Bean, J. (1998). Schrijvend Leren en andere didactische werkvormen voor actief leren. Engaging Ideas: The Professor's Guide to Integrating Writing, Critical Thinking, and Active Learning in the Classroom. San Francisco: Jossey-Bass, 1996.] Leiden: Spruyt, Van Mantgem & De Does.

    Büker, Stella. (2003). Teaching academic writing to international students: individual tutoring as a supplement to workshops. In: G. Rijlaarsdam (Series ed.) & L. Björk (Volume ed.). Studies in Writing. Teaching Academic Writing in European Higher Education. 12, 41-57.

    Gottschalk, Katherine and Keith Hjorshoj (2004). The Elements of Teaching Writing. A Resource for Instructors in All Disciplines. Boston: Bedford/St. Martin's.

    Kramer, Femke, Jacqueline van Kruiningen and Henrike Padmos (2003). Creating a basis for a faculty-oriented writing program. Approaches, opportunities and pitfalls in the academic writing project in Groningen. In Lennard Björk, Gerd Bräuer, Lotte Rienecker & Peter Stray Jörgensen (Eds.), Teaching Academic Writing in Higher Education: European Perspectives on Writing Programs and Writing Centres. Boston: Kluwer Academic Press.

    Kruiningen, J. F. van (2004). Het communicatieve-vaardigheden-project. Over ecologie, "chaos" en interactie in universitaire onderwijsvernieuwing [The Communicative Skills Project. Ecology, "Chaos" and Interaction in Academic Educational Renewal]. Toegepaste Taalwetenschap in Artikelen 2, p. 55-66.

    Martel, Yann (2003). Self. London: Faber and Faber Limited.

    McLeod et al. (2001). WAC for the New Millenium. Strategies for Continuing Writing-across-the-curriculum Programs. Urbana, Illinois: National Council of Teachers of English.

    McLeod, Susan, & Elaine Maimon (2000). Clearing the Air: WAC Myths and Realities. College English, 62(5), 573-583.

    Mullins, G., Quintrell, N. & Hancock, L. (1995) The experiences of international and local students at three Australian universities, Higher Education Research andDevelopment, 14, 201-32.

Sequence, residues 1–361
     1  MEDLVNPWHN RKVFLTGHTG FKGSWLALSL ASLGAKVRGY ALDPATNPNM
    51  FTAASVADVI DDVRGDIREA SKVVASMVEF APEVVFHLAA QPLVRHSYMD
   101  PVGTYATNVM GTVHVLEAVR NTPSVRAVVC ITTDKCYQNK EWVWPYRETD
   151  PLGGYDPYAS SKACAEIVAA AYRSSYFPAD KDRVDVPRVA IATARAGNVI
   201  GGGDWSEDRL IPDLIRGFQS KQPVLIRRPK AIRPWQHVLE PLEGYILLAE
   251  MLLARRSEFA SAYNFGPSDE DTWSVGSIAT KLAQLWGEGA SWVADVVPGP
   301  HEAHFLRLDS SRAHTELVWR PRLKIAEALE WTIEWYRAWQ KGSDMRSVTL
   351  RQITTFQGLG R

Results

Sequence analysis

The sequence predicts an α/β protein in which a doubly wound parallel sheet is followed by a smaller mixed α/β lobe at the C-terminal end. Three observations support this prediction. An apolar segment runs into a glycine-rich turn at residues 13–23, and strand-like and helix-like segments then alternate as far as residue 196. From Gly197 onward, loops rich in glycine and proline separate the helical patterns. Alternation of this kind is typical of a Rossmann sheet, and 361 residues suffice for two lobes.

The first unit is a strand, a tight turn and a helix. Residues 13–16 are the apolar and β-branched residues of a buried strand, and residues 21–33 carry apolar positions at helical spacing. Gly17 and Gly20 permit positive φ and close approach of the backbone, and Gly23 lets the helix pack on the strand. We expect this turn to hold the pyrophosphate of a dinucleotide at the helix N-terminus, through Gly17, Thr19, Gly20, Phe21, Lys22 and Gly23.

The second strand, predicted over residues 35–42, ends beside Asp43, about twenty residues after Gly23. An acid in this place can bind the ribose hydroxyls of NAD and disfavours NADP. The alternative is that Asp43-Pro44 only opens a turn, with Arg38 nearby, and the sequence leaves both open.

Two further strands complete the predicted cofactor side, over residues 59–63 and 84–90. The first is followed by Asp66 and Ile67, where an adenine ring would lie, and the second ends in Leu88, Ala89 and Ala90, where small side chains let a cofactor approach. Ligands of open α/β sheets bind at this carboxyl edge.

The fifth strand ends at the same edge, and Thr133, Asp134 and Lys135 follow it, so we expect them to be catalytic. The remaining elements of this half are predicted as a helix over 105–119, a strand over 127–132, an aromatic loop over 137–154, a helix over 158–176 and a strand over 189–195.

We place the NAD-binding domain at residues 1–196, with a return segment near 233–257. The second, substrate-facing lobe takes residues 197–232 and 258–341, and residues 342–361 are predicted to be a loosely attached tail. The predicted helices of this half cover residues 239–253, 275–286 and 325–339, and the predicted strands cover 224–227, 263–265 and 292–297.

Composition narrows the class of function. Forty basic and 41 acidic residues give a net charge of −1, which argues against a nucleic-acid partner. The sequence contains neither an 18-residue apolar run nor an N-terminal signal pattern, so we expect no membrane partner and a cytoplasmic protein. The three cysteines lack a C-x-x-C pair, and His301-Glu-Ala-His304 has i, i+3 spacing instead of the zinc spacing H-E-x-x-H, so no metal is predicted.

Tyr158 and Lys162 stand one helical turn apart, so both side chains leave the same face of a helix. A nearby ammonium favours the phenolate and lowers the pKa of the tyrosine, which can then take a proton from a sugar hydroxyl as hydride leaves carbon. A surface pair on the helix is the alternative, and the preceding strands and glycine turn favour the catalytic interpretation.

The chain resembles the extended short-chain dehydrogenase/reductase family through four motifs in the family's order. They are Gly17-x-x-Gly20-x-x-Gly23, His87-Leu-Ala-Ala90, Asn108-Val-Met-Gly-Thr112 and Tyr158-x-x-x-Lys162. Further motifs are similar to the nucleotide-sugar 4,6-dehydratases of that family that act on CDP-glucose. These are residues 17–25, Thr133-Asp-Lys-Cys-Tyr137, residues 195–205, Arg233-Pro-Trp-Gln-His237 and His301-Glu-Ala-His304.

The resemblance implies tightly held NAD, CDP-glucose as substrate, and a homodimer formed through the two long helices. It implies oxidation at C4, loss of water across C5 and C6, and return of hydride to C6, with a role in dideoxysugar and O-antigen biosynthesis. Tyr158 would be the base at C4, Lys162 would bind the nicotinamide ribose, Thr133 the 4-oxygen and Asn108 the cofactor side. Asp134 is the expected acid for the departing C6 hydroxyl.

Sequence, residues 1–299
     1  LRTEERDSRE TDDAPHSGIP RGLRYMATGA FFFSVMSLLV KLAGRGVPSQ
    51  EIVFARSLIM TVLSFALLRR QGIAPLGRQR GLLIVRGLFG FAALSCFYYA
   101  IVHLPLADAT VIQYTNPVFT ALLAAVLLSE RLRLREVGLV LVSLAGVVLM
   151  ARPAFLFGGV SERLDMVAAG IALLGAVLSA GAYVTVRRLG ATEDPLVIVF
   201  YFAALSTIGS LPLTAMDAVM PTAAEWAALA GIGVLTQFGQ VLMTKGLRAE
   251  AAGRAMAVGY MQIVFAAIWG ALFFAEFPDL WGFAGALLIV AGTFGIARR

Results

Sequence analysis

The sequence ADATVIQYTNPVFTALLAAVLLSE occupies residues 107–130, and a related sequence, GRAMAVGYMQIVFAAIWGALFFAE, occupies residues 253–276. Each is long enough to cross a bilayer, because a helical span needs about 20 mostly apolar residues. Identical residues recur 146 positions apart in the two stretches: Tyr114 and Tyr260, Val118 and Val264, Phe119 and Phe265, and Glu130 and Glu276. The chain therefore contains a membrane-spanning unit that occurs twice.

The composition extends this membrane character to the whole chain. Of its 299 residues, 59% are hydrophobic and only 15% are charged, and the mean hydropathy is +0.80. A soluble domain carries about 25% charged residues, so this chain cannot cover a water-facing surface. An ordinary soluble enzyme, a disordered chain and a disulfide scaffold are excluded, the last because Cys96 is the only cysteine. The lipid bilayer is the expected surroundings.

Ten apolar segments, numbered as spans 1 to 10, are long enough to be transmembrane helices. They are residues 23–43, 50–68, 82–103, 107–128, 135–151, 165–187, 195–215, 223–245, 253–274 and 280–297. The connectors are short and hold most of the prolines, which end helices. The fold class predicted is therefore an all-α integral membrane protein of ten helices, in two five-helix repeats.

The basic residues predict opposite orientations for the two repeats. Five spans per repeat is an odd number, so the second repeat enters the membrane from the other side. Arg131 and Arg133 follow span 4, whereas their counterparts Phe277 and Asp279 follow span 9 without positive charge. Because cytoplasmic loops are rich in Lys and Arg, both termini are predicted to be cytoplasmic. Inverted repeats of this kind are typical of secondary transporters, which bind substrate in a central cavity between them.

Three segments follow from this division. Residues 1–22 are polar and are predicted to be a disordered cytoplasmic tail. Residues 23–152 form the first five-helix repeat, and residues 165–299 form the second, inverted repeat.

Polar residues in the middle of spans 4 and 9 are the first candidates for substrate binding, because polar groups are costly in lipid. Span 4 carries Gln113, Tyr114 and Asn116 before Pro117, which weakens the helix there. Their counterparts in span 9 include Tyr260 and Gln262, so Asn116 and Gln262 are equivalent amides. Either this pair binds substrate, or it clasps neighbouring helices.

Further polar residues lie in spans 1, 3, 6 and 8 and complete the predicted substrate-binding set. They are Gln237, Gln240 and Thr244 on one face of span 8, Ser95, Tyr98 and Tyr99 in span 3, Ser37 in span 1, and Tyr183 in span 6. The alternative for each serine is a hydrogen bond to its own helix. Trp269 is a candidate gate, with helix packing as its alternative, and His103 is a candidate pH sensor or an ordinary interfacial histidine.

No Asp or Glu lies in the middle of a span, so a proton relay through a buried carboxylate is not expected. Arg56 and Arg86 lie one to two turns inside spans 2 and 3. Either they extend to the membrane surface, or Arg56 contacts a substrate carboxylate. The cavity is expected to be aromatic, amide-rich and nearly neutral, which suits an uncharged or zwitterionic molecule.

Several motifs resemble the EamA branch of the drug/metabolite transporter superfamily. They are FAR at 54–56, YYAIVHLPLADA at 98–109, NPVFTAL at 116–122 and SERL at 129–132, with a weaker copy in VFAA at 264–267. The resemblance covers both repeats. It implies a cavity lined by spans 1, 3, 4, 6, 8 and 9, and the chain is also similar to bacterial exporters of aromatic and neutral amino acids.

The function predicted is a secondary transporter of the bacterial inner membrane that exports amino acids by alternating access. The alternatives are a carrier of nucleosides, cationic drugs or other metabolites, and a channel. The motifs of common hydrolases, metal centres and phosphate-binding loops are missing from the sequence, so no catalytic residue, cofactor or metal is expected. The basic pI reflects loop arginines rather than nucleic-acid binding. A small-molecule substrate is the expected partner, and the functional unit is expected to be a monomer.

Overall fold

NOHA. (2004). European Master's in International Humanitarian Action. Retrieved August 20, 2005, from http://www.noha.deusto.es.

    Notes


    [1] We would like to thank our colleagues Femke Kramer and Jacqueline van Kruiningen for their constructive remarks about improving this article.

    [2]From 1997-1999 members of the Etoc Higher Education Team at the time conducted a project on the development of Academic Writing Skills within the Faculty of Arts (Kramer, Van Kruiningen, Padmos. 2003). The experiences and evaluation results of this project have been important for developing the current approach of the Higher Education Team.

    [3] For a more detailed description of this project, see Van Kruiningen (2004).

    [4] In 1993, five European Universities founded the Network on Humanitarian Assistance (NOHA). In close co-operation these universities initiated a one year Masters program aiming to provide "high quality academic education and professional competencies for personnel working or intending to work in the field of Humanitarian Assistance" (NOHA website, 2004).